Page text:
It may also apply to you even if you don’t have an establishment in the UK and you are based outside the UK. The UK GDPR and the DPA still applies if you offer services to users in the UK, or monitor the behaviour of users in the UK, if your establishment is overseas.

This guidance applies to processing for political campaigning in elections and referenda or potential elections and referenda in the UK. However, if you are processing for campaigning in non-UK elections and referenda and you are based in the UK, then the UK GDPR and DPA still applies and you may find this guidance helpful.

When does this guidance apply?

This guidance is not restricted to any ‘regulated periods’. You can collect, process and handle personal data for political campaigning purposes before, during, after and between particular campaigns. This guidance applies for as long as you are processing personal data for political campaigning purposes.

What happens if we don’t follow with this guidance?

Whilst this guidance is issued under the Commissioner’s general powers, it does not have any special legal status beyond that. However, if you are processing personal data for the purposes of political campaigning and you don’t take reasonable steps to follow this guidance, you are likely to find it difficult to demonstrate that your processing is fair and complies with the UK GDPR and PECR. If you process personal data in breach of the UK GDPR or PECR, we can take action against you.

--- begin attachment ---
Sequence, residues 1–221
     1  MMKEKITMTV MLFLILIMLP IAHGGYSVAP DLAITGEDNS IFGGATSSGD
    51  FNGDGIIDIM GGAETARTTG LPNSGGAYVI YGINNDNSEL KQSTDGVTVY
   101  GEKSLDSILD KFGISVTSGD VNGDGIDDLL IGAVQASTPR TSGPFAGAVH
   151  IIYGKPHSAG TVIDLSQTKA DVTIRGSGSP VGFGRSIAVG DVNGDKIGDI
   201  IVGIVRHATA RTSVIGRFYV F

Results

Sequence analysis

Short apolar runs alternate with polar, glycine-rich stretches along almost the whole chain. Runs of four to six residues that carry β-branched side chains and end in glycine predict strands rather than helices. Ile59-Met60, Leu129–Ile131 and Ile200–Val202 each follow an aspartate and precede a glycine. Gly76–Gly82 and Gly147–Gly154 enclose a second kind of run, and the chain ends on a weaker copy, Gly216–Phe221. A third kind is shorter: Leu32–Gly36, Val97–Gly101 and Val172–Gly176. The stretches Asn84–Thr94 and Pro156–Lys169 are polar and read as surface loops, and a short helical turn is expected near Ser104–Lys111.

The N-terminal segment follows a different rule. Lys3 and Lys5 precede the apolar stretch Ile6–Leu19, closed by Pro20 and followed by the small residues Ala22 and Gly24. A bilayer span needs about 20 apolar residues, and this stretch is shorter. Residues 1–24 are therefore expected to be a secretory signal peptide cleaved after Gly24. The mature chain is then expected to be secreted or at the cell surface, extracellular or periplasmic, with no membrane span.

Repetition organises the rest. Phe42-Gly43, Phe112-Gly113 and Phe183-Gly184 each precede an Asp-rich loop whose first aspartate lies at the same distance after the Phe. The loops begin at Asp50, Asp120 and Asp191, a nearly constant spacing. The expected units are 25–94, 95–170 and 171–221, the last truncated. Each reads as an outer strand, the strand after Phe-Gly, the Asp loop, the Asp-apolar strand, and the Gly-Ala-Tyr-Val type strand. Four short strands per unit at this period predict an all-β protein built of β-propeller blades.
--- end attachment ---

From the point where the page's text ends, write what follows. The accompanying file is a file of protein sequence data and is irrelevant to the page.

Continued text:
Tools at our disposal include assessment notices, warnings, reprimands, enforcement notices and penalty notices (administrative fines). For serious breaches of the data protection principles, we have the power to issue fines of up to £17 million or 4% of your annual worldwide turnover, whichever is higher.

In using these powers the Commissioner will follow the ICO Regulatory Action Policy.  Our approach is to encourage conformance. Where we find issues we take fair, proportionate and timely regulatory action with a view to guaranteeing that individuals’ information rights are properly protected. We will take account of the size and resources of the organisation concerned.

We are more likely to allow controllers time to bring their activities into compliance if you have a well-documented and reasoned case to support the approach you have taken.